Saturday, 2 April 2011

Amman, Jordan

My final day in Jordan, I visited the Jordanian capital of Amman.

 View of downtown from the Amman Citadel.

It was at the Amman Citadel that I made my final decision regarding my offer of enrollment into the Hollins University MFA program.

This was a decision that has been weighing heavily on my mind.

When I packed up ship and got out of the military last fall, dozens of my Army friends told me how "courageous" I was.  I'm not sure if it was courage.  It was just that I felt like I didn't have an option; in order to keep evolving in life I knew that there was no other choice.

There were many facets of the military that I adored, there were many facets of my personality that were well-suited to the military.  I'm so grateful for the military and all it taught me and everywhere it took me.

But my passion was gone by the end.

I believe that my soldiers deserve a passionate leader.  I realized that staying in wasn't fair to just me.  It wasn't fair to them, either.

But getting out was scary.  And it's still scary especially since, beginning this fall, I'm throwing myself heart and soul into the writing field.  I'm not even sure if it's possible to support myself this way.  I've never needed an awful lot to make me happy.  Just the bare necessities.  I'll take a second (or third) job on the side, if that's what it takes.  Still, I'm not even sure if it's possible to scrape by this way.

But this is what I love to do.

Life is short and in the end I feel like I have to follow my heart no matter where it leads me.  I know I'm an idealist, probably too big of an idealist, but I believe that following your heart is the only way to truly live.

Recently, I read The Road Less Traveled by author and psychiatrist Scott Peck.  There was a passage in there that really resonated with me and after I read it I knew that I'd made the right decision to get out of the military and immerse myself in the love of my life--writing--even though the future is so risky and so uncertain.

Scott Peck's parents sent him to an exclusive boarding school called Exeter when he was an adolescent.  They were trying to groom him for an Ivy League education.  If he stayed at Exeter and did well, he was virtually guaranteed acceptance into schools like Harvard and Princeton.  But after a few months at Exeter, Peck realized that he was very unhappy and that he didn't want to be there.  He decided to quit, despite his parents' objections.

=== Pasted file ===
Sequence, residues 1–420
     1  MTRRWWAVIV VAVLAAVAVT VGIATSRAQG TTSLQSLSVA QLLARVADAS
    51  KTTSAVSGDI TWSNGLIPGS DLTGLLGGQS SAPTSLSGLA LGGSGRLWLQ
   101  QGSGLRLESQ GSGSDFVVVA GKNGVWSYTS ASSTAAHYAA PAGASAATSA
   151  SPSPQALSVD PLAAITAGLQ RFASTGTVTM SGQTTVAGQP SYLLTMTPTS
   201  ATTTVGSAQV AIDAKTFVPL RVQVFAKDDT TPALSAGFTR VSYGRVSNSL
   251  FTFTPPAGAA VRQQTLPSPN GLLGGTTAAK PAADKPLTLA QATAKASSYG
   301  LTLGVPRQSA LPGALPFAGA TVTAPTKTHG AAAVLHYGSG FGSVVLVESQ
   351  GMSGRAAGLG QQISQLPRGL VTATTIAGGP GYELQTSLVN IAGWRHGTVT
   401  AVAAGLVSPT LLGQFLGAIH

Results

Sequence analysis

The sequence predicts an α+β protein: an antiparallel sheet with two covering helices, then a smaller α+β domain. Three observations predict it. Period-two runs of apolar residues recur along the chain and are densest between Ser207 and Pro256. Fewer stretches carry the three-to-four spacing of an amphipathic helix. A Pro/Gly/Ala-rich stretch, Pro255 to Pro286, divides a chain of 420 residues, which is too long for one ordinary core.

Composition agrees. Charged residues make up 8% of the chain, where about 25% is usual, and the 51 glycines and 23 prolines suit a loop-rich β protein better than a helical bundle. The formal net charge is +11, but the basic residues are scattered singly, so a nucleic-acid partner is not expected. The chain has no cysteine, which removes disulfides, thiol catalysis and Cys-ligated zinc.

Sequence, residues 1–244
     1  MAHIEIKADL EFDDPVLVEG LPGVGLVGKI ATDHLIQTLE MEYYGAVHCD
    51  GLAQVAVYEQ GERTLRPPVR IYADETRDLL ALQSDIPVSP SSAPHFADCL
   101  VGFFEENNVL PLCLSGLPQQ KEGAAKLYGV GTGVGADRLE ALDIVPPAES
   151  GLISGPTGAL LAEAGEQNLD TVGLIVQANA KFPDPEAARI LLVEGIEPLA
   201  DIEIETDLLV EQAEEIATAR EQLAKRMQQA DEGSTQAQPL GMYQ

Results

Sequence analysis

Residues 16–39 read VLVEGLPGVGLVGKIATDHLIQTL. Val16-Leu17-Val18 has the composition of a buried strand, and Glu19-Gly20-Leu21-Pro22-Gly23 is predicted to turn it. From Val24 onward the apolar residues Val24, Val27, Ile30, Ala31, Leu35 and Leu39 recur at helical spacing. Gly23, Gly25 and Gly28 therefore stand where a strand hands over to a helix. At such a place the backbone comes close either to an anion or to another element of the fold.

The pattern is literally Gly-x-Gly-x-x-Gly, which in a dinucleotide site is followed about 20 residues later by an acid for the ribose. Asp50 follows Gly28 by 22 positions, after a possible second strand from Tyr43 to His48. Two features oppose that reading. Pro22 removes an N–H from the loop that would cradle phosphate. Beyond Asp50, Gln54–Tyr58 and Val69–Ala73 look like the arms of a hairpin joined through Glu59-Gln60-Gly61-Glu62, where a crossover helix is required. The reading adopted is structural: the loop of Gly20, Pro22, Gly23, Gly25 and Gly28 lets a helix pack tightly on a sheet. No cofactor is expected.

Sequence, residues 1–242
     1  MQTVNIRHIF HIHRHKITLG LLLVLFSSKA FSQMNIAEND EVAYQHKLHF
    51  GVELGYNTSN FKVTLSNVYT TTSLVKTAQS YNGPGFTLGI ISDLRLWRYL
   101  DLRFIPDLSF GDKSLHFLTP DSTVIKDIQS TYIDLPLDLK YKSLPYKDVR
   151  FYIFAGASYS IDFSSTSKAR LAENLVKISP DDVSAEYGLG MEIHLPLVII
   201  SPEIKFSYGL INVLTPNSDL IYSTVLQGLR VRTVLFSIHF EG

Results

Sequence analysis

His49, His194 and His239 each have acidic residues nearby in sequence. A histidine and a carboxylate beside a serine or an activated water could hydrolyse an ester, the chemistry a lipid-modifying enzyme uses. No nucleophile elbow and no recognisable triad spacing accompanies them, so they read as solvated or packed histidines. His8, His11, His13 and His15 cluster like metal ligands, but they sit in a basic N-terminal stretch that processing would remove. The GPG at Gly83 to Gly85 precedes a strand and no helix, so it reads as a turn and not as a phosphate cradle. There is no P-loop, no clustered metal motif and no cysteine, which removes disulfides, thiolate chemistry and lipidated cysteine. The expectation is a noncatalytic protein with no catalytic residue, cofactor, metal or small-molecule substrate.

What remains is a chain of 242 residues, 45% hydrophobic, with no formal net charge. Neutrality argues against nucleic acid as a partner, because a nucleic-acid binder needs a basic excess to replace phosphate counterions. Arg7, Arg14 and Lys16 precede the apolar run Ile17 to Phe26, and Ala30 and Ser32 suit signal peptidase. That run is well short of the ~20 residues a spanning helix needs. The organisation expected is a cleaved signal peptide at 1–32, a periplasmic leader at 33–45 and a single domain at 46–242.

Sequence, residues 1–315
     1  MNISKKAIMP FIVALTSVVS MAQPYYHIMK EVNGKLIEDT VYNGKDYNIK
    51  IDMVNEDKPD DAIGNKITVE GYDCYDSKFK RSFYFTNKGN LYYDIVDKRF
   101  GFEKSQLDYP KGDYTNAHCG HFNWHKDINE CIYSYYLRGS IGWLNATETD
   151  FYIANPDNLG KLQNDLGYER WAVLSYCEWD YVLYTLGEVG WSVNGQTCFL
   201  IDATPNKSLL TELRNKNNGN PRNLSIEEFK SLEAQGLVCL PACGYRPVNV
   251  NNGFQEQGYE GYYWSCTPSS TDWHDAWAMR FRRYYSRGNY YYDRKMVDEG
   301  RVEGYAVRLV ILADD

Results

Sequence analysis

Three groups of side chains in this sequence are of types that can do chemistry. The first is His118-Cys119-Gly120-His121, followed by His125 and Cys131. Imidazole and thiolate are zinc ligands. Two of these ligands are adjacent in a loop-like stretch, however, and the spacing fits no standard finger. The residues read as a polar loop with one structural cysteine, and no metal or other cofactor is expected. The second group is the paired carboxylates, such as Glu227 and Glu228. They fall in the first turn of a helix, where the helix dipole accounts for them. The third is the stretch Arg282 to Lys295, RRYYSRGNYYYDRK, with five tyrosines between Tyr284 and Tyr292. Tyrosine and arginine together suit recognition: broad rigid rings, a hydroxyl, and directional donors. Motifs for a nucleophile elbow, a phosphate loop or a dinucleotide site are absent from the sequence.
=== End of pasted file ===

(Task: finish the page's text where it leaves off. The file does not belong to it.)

The passage reads:

"If I returned to Exeter I would be returning to all that was safe, secure, right, proper, constructive, proven and known.  Yet is was not me.  In the depths of my being I knew it was not my path.  But what was my path.  If I did not return, all that lay ahead was unknown, undetermined, unsafe, unsanctified, unpredictable.  Anyone who would take such a path must be mad.  I was terrified.  But then, at the moment of my greatest despair, from my unconscious there came a sequence of words like a strange disembodied oracle from a voice that was not mine:  'The only real security in life lies in relishing life's insecurity.'  Even if it meant being crazy and out of step with all that seemed holy, I had decided to be me.  I rested."  

This passage made me realize that life is inherently risky and uncertain...  You can either hide from that fact and try to be as secure and safe as possible.  Or you can let your heart dictate the path.

Today I emailed Hollins MFA director, Cathy Hankla.

"I'm thrilled to accept your offer of admission," I wrote.

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